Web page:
A Pallet Shelf
I love this idea…and not only for the wine! If you’re like me and prefer planting and digging than sowing and nailing, then this is a project for you. Simple get two pallets, paint them and nail them together. Two or three paving slabs can then be used as a top and, hey presto, you have yourself a ‘wine bar’. I’m pretty sure I’m going to use my sole pallet as a garden gate BUT, I really want to try this too. So, I suppose the hunt (read skip-diving) to find two more pallets in the best possible condition.
A Pallet Green Wall
Okay, you seen some pallet upcycles and think ‘there’s no way I’ll be able to do that‘. Well, like the above pallet shelf, this green wall is extremely easy to do. You’ll often see some pallets stuffed with soil and planted up, but I wonder how well those really work unless you actually put some form of lining within. I mean, surely the soil begins to settle downwards and every time the plants are watered, debris breaks out below. Also, they must dry out very quickly. This alternate idea is perfect because it’s simple, cheap and easy to change when you want to.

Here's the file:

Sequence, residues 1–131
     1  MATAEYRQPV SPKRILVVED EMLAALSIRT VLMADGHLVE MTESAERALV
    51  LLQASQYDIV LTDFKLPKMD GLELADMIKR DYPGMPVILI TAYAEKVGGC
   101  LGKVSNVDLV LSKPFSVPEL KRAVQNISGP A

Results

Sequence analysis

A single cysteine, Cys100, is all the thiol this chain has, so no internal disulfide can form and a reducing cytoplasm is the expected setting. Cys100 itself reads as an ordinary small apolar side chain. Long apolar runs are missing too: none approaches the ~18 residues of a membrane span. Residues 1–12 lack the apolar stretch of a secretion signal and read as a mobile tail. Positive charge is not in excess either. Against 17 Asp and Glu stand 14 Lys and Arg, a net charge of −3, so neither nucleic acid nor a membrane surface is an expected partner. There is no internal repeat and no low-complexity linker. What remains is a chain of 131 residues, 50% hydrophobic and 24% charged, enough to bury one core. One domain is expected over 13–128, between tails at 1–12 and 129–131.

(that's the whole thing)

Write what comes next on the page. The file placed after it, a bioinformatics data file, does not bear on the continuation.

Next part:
All you need to do is cut the pallet in half to reduce it’s weight. I’d probably take some wax or oil to the pallet first, or paint, to give it a bit of colour and also repel water as much as possible, particularly if it’s not in a sheltered spot. Other than some stain, you just need a couple of hooks or a chain to hang the pallett.
You can swap the pots and birdfeeders at will. You could use it as a tool rack for trowels and forks. Be careful not to overload the pallet and that it’s securely fixed to the wall.
These three ideas as very simple to do and I’m going to attempt all three at some point in the new garden. I’ll post pics when I get my projects completed!